During more than 160,000 open-brain surgeries in the U.S. each year, surgeons and anesthesiologists must monitor the brain's pulsatility, or changes in radius, for swelling, trauma, decreased blood flow and other sudden changes that might necessitate immediately medication, hyperventilation or other measures.
Doctors monitor these changes using a surprisingly low-tech method: by placing a finger directly on the brain and using their experience to guess how much, if any, the brain is changing in size moment to moment.
Now, in collaboration with Dr. Glen Atlas '82, an anesthesiologist and adjunct clinical professor at Stevens, three Stevens Institute of Technology seniors have set out to find a better way to measure and report brain changes in real time — without actually touching it.
The trio, David Ferrara, Andrew Falcone and Maria De Abreu Pineda, were recently awarded first prize in an undergraduate-poster competition at Johnson & Johnson's 2017 Engineering Showcase for the senior design project, which will be on display at Stevens' annual Innovation Expo showcase May 3.
"This project has the potential to significantly improve outcomes in craniotomy surgeries," explains biomedical engineering professor and program director Vikki Hazelwood, who advises the team. "These students have embraced the opportunity that this project offers to extend far beyond the classroom. It's a great example of our academic ideal, where students impact society while they are learning."
Sound-wave echoes provide a safe, detailed picture
Brain surgeons' traditional technique of measuring the brain's pulsation during surgery by touching the brain directly with a finger or probe and guessing at the size of the pulses carries a small risk of stroke, ischemia or other complications after surgery.
The Stevens team's scanner addresses those concerns head-on.
It can be quickly brought in to an operating room and safely pointed at exposed brain tissue from a distance of two to 20 inches, sending sound waves toward the surface of the brain. Powered by a small Raspberry Pi computer, the device reads the echoes of those waves, giving instant readouts.
"One of our big selling points is that this device can be rolled into an operating room, take a reading in 30 to 60 seconds, and be rolled out again," notes Ferrara.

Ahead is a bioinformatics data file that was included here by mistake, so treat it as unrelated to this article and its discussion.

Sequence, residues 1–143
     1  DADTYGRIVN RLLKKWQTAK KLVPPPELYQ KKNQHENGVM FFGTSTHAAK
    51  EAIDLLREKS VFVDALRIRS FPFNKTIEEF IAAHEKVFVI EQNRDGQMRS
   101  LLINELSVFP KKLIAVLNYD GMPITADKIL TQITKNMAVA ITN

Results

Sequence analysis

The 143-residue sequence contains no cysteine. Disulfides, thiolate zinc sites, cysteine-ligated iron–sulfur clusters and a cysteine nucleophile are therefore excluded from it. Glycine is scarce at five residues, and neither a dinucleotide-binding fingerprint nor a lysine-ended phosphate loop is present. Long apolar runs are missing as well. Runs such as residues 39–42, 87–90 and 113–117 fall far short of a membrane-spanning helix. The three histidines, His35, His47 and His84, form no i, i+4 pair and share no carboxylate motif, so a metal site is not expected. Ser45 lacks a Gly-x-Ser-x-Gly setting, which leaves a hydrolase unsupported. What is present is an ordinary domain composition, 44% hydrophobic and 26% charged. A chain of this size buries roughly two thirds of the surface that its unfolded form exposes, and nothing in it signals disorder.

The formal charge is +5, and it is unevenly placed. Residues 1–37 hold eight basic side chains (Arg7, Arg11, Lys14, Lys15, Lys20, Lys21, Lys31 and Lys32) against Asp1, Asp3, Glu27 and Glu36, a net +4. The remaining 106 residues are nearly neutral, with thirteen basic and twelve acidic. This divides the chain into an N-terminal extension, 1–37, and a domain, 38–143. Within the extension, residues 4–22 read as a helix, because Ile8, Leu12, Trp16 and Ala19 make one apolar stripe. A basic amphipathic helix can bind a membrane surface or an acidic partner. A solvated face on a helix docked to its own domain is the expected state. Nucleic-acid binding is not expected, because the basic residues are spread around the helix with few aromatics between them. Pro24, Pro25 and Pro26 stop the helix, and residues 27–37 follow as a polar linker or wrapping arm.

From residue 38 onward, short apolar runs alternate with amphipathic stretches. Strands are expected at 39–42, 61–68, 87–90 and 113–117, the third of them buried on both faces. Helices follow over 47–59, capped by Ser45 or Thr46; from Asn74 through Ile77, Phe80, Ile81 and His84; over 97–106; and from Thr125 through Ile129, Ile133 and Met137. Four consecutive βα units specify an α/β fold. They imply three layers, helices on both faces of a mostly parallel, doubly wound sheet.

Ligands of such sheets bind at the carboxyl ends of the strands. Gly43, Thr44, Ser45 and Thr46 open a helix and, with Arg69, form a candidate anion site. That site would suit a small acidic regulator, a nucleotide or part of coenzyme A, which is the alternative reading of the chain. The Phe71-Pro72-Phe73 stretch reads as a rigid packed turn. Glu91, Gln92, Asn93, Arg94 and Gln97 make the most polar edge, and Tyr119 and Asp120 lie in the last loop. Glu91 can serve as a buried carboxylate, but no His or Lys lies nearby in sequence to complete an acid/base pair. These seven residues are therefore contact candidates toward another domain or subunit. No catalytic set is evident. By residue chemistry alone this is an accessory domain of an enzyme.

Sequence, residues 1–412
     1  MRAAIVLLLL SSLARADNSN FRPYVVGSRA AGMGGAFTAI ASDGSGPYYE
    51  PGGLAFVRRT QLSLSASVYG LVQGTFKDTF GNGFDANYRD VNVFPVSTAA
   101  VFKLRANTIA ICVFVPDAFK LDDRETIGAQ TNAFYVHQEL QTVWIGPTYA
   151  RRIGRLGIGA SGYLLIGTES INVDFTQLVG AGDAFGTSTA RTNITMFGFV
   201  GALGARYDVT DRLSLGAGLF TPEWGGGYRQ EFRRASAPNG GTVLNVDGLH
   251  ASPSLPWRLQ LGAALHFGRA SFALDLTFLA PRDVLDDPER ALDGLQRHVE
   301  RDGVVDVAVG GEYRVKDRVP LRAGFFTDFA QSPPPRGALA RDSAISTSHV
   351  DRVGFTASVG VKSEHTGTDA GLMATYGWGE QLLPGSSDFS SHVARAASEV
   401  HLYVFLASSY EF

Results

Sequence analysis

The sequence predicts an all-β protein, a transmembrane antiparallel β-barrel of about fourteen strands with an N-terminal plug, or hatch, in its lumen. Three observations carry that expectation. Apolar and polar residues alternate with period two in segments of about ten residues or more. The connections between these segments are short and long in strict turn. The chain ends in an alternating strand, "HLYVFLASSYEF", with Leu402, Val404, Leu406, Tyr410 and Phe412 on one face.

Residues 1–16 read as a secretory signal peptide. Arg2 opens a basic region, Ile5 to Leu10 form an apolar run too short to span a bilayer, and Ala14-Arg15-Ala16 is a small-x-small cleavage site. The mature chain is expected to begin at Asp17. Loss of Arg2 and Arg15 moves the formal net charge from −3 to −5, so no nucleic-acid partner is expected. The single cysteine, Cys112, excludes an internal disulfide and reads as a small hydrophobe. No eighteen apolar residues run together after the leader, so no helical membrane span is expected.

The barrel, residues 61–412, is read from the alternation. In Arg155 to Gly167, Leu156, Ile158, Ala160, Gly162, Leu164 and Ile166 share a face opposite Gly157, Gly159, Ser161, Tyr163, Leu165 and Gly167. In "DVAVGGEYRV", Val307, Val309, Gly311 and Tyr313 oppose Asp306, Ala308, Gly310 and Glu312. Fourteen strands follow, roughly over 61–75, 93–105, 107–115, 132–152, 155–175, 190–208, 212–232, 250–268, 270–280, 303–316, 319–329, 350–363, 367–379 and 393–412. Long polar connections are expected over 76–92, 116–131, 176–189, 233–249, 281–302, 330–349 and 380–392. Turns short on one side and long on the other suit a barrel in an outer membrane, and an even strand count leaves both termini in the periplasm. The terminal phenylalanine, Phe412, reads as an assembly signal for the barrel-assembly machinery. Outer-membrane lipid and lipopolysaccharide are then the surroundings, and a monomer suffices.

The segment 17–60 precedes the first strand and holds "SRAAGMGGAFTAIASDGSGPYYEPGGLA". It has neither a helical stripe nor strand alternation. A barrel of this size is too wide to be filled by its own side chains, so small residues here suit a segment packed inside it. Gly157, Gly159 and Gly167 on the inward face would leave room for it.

The team initially tested the device on an air-filled balloon within a plastic housing, slowly filling the balloon with additional air to simulate changes in the brain. The CerebroSense device accurately detected and measured volumes that dilated the shape of the balloon as little as 1 millimeter, proving the concept in principle.
More recently, using a more sophisticated, higher-resolution sensor, detection accuracy of the system increased to less than 0.3 millimeters — a range that approaches the target resolution needed to actually deploy the device in an operating-room situation.
"This is novel," says Falcone. "This is not something that's ever been done quantitatively before, so far as we can tell; we did extensive research, and nothing else measures the pulsations of the brain in a non-contact manner. The other methods require direct contact."
Future enhancements: wireless, lasers, camera views
With the sensing technology now verified, the team says the next logical steps include the development of a complete prototype; addition of a camera; continued improvements in accuracy; eventual wireless capability to transmit the data; and future extension of the technology to take in additional cranial measurements with, for example, laser sensors.
While the three team members are soon headed in separate directions — one to medical school, two to careers in industry — they are determined to help see the technology they've helped develop brought to market.
"Being that it is the first quantitative measurement of pulsatility, and non-invasive, and being done in real time, we are very excited about what this device can eventually become," says De Abreu Pineda.
Indeed, a fresh group of Stevens students will continue the research when the trio graduates, mentored by Hazelwood and Atlas.
And visitors from industry will likely be asking the team plenty of detailed questions during the Innovation Expo event, probing for data and commercial potential.
"Expo day could be a very interesting one for us if we have something that turns out to be appealing to people who know this industry well," remarks Ferrara. "You never know what might happen next."